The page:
The Echo

I grew up spending most of my summers on the water; specifically on boats. We’d go out on trips, toss the anchor in, swim all day and sleep under the stars at night.

On one of those occasions, I remember waking up to a sound that was rather odd. It wasn’t overly loud, it wasn’t mechanical, it wasn’t was just different.

I laid still for a while listening to this sound, but finally rolled out of my bed to figure out exactly what I was hearing. When my eyes finally adjusted to the darkness outside I was shocked to discover we were in imminent danger.  The anchor had slipped during the night and we were only yards away from hitting the rocks.  The sound I had heard were the waves as they gently splashed against a large wall of rocks creating an echo off the stern of our vessel.

Sometimes you get that warning..

an echo of sorts pinging off impending trouble.

But you have to be still long enough in order to see and hear it.



Nothing grows under wraps.

Hurricane Andrew was approaching like a fast pitch; it’s path was straight and true. I had the TV on listening to Brian Norcross sound the alarm as I rushed around the house trying to secure what I could before evacuating with our three little kids. One of the last things I did was place our wedding album onto my son’s top bunk. I figured it would be safest up there-nice and high- in case of terrible flooding..

What I hadn’t predicted was that the wind would cause the roof to collapse-  right over top of his bedroom.

The album was a goner..

Isn’t it funny how we try to protect that which means the most to us in ways that sometimes prove to be the exact opposite of what we should do? Had I left my album in the family room closet it would have “survived” the event.

Oh well.

My daughter and her friends were down in Florida for Spring break last week and much to my chagrin, decided to spend a few days on South Beach. As a mother, I of course wasn’t wild about the idea and frankly wanted to protect them from every conceivable danger I feel is lurking down there.

(Hey, I used to watch Miami Vice…)


Just like with my special possessions, I wanted to tuck my daughter into a safe place (why not go to Disney?) and protect her from..well, everything.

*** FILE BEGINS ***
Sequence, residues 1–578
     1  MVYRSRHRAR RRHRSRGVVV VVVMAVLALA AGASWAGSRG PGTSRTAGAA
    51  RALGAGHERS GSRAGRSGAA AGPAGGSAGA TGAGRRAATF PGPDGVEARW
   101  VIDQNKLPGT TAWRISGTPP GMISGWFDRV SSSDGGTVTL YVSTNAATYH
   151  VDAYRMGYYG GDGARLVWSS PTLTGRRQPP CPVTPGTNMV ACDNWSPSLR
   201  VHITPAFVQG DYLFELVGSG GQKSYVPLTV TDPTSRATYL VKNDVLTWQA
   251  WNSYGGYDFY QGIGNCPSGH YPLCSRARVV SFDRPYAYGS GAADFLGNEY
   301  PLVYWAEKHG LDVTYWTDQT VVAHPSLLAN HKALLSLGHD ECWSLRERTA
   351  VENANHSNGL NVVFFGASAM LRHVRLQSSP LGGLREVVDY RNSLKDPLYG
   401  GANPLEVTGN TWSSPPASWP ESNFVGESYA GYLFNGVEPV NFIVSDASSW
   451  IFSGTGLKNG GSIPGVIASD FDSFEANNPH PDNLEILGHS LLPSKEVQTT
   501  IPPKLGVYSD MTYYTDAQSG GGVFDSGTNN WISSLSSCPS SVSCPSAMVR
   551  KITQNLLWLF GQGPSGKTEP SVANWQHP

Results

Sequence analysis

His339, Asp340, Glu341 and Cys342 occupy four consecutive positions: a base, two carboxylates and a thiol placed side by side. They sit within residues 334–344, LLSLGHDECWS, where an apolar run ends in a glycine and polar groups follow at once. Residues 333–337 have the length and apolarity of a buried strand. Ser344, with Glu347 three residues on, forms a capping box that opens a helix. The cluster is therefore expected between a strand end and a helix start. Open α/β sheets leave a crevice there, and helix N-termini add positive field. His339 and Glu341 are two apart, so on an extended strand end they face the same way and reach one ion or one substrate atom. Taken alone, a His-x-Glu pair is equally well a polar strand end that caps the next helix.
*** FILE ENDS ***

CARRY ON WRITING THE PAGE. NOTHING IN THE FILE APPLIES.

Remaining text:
But I didn’t,  they went.. and clearly had a great time.

The path to letting go is paved with trust and faith. I had to trust that my daughter would use common sense and take measures to protect herself and her friends. More importantly, I have to trust that God loves my kids even more than I do and that while it feels like I’m just releasing them into the wild, I’m actually giving them over to His care.

Our instinct as moms is to tuck our kids into safety blankets and protect them from life’s bumps and bruises, but in doing so we keep them from maturing and learning the lessons that will eventually mold them into the capable adults they are destined to be.

Letting go is the most difficult action we can take…

But we know that nothing good grows under wraps in the dark..

and that includes the shadow cast by a mother’s love and the embrace of her over-protective wings.







photocredit:Majestic Hotel South Beach,Show all posts – blogger



Blinded by the shine of your own star..


Our sermon this past Sunday was on the subject of humility and the timing could not have been better. I needed to be reminded of how dangerous pride can be and how authentic humility, interwoven with deep & profound gratitude, creates the foundation necessary for true happiness.

And yes, I couldn’t help but think of Brandon Dixon, the actor on stage last week, wagging his finger and delivering a sharp, condescending lecture to the future Vice President of the United States who was sitting in the audience quietly enjoying the show.

In an interview Mr. Dixon gave after his “big moment” he told “When we first got the call that he (Pence) was coming, there was certainly a question of what we would do,” Dixon said. “These are the opportunities that you die for.”


I promise this is not going to be an in depth analysis of how situationally unaware Mr. Dixon and his cast seem to be, but it is worth noting that the price of a ticket to see them perform is out of reach for 99.99% of the inhabitants on planet earth. I would think it would be prudent to consider that fact before carrying on about inclusivity and diversity..but whatever.

This actor’s action is just the latest example of the general lack of humility, civility and respect I see all too often these days. Whether it’s a student talking back to a teacher, pundits arguing on TV, athletes kneeling for the anthem, political candidates tearing into each other, protestors screaming in a policeman’s face or shouting down a speaker, there is a disturbing undercurrent of self-righteous, self-important, self indulgent, self centered pompous pride that is debasing much of our discourse.

This trend is crass and ugly and most importantly, blinds us to our own faults and frailties.. as Mr. Dixon himself is finding out. (Hey kids, You should all know this by now-the stuff you put on Facebook, Twitter and all the rest really can come back to haunt you.)

Pride is a tight fitting jacket,

kinda like the one Mr. Dixon is wearing in the photo above.

It can make you look all prim and proper,

and somehow better,



more fearless

and more powerful than everyone else.

But boy oh boy,

when that spot light zooms in,

it can also get hot, itchy and pretty darn uncomfortable.

So wear it with care..

only if you dare.